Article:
Accommodate the diverse endpoint needs of hospitals: Hospitals are not homogenous environments. For example, the needs of a nurse versus the needs of a transport tech are very different. Secure communication solutions should support a diverse range of devices and communication methods, and staff members should be able to pick the most appropriate device and method according to their unique requirements and context of use. Communication should be interoperable between device types, data transmission types, and locations. Taking a “device-of-choice” view is critical for long-term success. Case in point, Vocera’s communication system provides an integrated suite of communication solutions that work on smartphones, tablets, and hands-free “badges.” This flexibility provides users with the option to select the most appropriate and effective device and communication method for the situation. Nurses are typically delivering patient care when they receive calls so they prefer a hands-free voice-controlled “badge,” while doctors typically prefer secure text messaging through a smartphone. A key decision point for clinical and administrative leaders is to select a communication system that enables choice of device to provide seamless collaboration between care team members inside and outside a facility.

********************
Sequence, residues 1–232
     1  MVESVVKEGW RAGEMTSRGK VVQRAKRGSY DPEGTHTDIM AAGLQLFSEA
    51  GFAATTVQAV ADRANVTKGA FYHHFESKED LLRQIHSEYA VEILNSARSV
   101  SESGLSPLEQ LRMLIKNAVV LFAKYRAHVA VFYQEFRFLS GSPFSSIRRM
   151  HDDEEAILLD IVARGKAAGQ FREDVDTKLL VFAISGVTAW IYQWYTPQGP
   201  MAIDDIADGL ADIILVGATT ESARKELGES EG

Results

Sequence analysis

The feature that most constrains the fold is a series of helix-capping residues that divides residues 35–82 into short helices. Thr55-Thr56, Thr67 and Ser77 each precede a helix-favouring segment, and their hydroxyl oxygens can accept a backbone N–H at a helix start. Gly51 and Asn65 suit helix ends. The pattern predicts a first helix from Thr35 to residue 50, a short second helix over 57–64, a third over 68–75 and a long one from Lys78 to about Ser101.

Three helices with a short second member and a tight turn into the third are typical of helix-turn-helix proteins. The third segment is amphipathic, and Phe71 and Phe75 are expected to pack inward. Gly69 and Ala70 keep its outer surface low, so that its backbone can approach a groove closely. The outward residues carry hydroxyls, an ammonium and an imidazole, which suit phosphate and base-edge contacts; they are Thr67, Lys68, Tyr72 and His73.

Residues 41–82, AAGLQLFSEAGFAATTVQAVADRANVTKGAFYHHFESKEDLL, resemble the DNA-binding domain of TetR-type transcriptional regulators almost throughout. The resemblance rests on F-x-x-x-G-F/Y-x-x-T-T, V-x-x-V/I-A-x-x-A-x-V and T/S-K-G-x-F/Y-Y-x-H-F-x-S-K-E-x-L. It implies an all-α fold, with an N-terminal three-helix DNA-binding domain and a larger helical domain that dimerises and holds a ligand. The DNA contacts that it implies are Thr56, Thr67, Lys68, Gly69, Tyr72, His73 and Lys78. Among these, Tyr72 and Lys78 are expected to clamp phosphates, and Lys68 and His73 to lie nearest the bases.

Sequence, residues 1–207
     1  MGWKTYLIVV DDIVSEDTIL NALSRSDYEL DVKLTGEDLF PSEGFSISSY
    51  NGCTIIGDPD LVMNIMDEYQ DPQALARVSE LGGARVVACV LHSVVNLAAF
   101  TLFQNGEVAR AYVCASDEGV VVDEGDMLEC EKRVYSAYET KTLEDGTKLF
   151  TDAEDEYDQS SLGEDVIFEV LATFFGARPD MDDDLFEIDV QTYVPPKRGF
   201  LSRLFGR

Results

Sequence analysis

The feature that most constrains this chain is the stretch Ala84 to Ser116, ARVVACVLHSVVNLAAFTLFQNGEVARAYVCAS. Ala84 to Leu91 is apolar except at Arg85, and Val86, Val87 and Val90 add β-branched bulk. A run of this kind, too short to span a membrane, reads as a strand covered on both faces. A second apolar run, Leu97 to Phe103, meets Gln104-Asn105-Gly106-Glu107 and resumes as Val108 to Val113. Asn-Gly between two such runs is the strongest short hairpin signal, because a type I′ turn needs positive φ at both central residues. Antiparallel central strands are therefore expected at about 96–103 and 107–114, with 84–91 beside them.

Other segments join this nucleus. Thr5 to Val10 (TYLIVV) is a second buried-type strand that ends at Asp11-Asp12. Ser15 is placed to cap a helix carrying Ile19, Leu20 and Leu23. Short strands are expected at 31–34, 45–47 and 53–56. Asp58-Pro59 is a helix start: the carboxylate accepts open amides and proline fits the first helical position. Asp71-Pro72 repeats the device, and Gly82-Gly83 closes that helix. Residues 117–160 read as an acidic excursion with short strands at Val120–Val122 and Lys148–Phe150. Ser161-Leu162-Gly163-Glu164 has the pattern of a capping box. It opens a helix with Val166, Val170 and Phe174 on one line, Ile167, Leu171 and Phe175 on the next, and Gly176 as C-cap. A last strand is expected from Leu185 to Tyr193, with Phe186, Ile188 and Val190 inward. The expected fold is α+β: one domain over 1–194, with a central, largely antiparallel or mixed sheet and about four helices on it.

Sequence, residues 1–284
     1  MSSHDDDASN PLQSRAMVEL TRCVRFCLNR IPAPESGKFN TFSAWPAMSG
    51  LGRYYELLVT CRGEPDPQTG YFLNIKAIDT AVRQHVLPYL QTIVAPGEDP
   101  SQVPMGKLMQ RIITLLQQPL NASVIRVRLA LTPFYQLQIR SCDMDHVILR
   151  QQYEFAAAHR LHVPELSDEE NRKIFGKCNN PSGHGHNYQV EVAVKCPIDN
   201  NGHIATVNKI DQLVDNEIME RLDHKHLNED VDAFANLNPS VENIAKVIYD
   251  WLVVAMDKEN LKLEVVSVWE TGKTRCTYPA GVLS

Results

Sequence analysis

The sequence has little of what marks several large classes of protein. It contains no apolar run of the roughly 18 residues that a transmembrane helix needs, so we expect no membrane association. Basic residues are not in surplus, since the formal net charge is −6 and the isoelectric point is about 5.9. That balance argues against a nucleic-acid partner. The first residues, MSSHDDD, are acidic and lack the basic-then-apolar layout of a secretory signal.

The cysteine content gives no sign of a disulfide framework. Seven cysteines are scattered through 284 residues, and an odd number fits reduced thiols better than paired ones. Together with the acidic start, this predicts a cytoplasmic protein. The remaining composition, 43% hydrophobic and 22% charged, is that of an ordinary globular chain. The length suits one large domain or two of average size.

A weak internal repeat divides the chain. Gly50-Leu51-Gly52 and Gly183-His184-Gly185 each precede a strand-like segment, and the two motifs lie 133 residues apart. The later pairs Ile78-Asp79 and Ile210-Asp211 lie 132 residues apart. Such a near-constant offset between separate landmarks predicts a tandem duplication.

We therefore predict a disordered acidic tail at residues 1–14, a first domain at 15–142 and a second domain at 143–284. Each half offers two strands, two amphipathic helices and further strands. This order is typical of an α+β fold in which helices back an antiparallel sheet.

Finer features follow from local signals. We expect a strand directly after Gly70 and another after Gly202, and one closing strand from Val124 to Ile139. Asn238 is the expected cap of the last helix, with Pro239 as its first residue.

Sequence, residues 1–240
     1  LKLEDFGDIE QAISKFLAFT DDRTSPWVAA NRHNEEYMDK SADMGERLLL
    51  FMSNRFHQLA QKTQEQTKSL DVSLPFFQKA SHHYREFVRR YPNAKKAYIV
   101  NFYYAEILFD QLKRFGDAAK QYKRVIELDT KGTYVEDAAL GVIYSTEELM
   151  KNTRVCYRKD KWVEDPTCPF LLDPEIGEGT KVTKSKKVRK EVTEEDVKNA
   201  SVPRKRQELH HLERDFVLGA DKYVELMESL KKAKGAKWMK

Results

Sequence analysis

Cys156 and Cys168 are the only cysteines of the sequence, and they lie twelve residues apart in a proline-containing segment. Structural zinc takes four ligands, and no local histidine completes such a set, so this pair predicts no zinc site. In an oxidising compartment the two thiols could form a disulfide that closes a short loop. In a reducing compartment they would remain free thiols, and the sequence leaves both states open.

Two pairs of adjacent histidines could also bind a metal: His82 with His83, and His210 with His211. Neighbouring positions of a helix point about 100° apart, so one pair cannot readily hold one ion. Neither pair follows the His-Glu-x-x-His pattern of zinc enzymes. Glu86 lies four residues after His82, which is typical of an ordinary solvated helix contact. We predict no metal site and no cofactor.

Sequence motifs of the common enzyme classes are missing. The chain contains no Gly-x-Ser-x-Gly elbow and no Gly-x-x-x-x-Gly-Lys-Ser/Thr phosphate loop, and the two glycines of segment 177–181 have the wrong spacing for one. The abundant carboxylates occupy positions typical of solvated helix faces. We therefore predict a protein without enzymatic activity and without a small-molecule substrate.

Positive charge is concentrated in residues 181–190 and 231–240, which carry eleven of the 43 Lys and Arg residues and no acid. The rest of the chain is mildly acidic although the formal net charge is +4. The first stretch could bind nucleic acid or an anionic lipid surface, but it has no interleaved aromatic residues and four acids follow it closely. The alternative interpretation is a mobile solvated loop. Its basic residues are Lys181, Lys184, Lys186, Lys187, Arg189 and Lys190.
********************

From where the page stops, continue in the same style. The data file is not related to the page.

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Ease of Deployment

• Turnkey implementation, product extensibility, modularity, and a strategic roadmap are essential for long-term success. As a healthcare organization and its requirements change and expand, the communication system for voice and text messaging should have the ability to scale, deeply integrate, and evolve. • A detailed assessment of existing and planned hospital IT infrastructure can help ensure proper,